I call upon the Lord; make haste to me! Give ear to my voice, when I call to thee! Let my prayer be counted as incense before thee, and the lifting up of my hands as an evening sacrifice!
Proclaiming God’s gifts to others
- While speaking to others about God is up building; that is not the only purpose that we proclaim His deeds. To speak of His glory honors Him.
- Proclaiming the deeds of God is integral to our lives as Christians:
1 Peter 2:9 –
“But you are a chosen race, a royal priesthood, a holy nation, God’s own people, that you may declare the wonderful deeds to Him who called you out of darkness into his marvelous light.”
- Our lives have been the stage for God to manifest Himself, and show himself as the Lord of all, time and again. We are called to testify and give him the glory, not just for historical accounts but also for what He has done in the smallness of our lives.
- What makes our community different is that out of our brokenness God makes himself present and we experience and share that. We are called to share how the word is becoming flesh in our lives and give glory to God because of it.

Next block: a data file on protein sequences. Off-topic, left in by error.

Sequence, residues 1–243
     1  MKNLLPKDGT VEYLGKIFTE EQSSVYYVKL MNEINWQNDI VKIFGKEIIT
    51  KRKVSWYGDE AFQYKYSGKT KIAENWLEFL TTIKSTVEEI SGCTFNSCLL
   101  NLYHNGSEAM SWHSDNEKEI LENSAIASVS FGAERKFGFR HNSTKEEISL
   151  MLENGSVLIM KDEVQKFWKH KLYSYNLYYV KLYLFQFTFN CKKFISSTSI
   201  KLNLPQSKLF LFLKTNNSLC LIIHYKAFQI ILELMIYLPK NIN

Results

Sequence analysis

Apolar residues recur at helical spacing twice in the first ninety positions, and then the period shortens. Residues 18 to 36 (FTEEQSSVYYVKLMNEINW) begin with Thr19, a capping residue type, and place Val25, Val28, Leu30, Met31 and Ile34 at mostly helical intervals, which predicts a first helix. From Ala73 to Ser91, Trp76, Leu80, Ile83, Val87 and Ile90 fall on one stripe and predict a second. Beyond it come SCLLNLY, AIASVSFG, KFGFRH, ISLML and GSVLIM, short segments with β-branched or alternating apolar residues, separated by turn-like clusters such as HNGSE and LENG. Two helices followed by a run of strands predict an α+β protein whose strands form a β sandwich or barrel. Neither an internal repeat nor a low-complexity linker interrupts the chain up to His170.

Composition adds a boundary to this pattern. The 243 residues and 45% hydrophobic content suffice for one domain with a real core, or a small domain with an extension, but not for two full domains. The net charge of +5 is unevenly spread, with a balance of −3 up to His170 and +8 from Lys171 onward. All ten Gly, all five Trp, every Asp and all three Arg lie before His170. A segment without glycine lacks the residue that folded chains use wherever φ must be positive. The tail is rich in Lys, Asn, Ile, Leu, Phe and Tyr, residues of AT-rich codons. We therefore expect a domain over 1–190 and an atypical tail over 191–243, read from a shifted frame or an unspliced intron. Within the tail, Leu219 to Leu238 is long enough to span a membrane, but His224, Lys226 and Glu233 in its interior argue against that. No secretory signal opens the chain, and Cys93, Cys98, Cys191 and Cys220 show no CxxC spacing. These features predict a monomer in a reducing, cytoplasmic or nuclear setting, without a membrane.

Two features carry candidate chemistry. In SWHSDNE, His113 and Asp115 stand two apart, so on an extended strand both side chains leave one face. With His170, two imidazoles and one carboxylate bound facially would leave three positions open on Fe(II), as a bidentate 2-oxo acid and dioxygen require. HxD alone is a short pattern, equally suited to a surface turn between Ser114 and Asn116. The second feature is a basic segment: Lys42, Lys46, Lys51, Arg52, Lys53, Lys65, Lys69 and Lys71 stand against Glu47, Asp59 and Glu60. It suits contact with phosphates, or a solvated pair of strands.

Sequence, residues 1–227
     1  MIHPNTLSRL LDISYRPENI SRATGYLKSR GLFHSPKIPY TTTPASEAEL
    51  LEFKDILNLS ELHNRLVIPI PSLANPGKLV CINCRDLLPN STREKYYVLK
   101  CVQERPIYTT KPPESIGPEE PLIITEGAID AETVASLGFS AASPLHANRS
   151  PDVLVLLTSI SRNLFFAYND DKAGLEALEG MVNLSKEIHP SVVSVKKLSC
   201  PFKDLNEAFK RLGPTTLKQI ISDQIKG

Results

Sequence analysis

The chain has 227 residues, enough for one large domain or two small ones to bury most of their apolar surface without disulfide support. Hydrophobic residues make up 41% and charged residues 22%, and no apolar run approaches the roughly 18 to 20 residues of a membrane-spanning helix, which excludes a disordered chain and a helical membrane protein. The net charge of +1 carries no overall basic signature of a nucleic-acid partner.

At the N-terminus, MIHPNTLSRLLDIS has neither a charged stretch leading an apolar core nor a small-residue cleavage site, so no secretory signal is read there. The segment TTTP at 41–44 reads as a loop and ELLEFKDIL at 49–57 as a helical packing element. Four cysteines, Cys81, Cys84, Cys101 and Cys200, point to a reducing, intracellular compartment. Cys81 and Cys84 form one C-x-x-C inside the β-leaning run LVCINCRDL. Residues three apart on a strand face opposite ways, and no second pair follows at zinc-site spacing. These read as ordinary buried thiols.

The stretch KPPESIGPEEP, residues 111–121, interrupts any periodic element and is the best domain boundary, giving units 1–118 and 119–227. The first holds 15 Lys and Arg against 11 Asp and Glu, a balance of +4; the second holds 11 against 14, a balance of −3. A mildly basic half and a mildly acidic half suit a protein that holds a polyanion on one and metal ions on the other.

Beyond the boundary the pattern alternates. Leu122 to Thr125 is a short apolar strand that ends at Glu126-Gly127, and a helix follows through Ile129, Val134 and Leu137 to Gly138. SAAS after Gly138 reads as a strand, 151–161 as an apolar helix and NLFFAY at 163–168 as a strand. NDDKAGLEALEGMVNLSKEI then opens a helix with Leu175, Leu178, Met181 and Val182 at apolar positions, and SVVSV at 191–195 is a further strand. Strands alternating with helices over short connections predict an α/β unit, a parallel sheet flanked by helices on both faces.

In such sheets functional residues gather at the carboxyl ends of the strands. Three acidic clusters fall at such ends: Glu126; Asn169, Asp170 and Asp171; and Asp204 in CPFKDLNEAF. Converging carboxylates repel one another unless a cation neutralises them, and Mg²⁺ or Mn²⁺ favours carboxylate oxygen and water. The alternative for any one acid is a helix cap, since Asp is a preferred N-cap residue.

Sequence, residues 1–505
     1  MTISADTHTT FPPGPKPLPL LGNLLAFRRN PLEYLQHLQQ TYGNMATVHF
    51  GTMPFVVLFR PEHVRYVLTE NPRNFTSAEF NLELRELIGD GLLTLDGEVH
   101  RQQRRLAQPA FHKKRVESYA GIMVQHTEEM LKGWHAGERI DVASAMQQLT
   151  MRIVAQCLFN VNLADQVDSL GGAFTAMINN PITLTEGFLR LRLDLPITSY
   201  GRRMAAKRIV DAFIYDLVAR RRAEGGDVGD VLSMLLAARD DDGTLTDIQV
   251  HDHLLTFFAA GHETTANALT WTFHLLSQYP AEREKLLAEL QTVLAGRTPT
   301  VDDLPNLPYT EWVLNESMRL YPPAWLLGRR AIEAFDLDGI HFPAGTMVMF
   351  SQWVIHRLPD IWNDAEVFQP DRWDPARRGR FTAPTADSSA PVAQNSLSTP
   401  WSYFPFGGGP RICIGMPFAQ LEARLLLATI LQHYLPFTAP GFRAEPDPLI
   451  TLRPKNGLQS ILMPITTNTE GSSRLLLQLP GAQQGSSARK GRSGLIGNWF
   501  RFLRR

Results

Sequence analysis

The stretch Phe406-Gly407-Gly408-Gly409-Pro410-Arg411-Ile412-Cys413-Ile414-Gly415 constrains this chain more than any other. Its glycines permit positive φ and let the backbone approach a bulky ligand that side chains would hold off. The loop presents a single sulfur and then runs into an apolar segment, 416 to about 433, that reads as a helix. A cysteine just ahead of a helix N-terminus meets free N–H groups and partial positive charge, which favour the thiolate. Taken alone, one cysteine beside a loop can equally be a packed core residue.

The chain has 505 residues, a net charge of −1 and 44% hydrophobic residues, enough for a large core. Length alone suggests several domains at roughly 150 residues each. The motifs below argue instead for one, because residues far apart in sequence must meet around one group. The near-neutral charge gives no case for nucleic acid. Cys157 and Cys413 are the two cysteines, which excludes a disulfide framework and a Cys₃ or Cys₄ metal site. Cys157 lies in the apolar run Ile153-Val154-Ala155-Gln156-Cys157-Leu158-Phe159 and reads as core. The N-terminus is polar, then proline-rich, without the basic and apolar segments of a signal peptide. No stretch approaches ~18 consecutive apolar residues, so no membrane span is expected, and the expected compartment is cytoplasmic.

- In times of trial and persecution, no matter how great or small, we are called to be faithful to the one who has called us out of darkness and cleared the path for us to inherit eternal life.
- It is easy to confess Jesus when we are in the midst of people who believe and feel called to a similar lifestyle as us. But what happens when we are in the midst of those who are hostile to the Gospel?
- The ultimate confession is martyrdom; which in Greek means testimony or witness.
- This is not something that we do every day, but as part of discipleship Jesus declares:
Mt 10:32-33 – “So everyone who acknowledges before men, I will also acknowledge before my Father who is in heaven’; but whoever denies me before men, I also will deny before my Father who is in heaven.”